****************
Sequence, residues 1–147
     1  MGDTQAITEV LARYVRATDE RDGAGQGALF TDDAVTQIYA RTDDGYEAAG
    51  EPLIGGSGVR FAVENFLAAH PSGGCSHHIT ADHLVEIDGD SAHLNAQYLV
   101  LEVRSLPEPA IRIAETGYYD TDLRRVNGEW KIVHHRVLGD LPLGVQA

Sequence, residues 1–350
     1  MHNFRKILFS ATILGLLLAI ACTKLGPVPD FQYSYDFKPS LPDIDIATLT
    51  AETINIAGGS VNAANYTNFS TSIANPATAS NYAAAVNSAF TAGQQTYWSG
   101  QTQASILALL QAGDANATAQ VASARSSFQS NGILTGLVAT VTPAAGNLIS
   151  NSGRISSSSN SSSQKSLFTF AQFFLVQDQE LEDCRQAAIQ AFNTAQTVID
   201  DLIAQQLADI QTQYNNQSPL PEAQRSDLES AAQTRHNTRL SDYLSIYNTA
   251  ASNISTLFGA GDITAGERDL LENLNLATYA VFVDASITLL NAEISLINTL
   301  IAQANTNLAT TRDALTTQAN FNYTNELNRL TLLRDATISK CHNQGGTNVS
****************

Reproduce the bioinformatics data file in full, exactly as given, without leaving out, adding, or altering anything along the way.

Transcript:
Sequence, residues 1–147
     1  MGDTQAITEV LARYVRATDE RDGAGQGALF TDDAVTQIYA RTDDGYEAAG
    51  EPLIGGSGVR FAVENFLAAH PSGGCSHHIT ADHLVEIDGD SAHLNAQYLV
   101  LEVRSLPEPA IRIAETGYYD TDLRRVNGEW KIVHHRVLGD LPLGVQA

Sequence, residues 1–350
     1  MHNFRKILFS ATILGLLLAI ACTKLGPVPD FQYSYDFKPS LPDIDIATLT
    51  AETINIAGGS VNAANYTNFS TSIANPATAS NYAAAVNSAF TAGQQTYWSG
   101  QTQASILALL QAGDANATAQ VASARSSFQS NGILTGLVAT VTPAAGNLIS
   151  NSGRISSSSN SSSQKSLFTF AQFFLVQDQE LEDCRQAAIQ AFNTAQTVID
   201  DLIAQQLADI QTQYNNQSPL PEAQRSDLES AAQTRHNTRL SDYLSIYNTA
   251  ASNISTLFGA GDITAGERDL LENLNLATYA VFVDASITLL NAEISLINTL
   301  IAQANTNLAT TRDALTTQAN FNYTNELNRL TLLRDATISK CHNQGGTNVS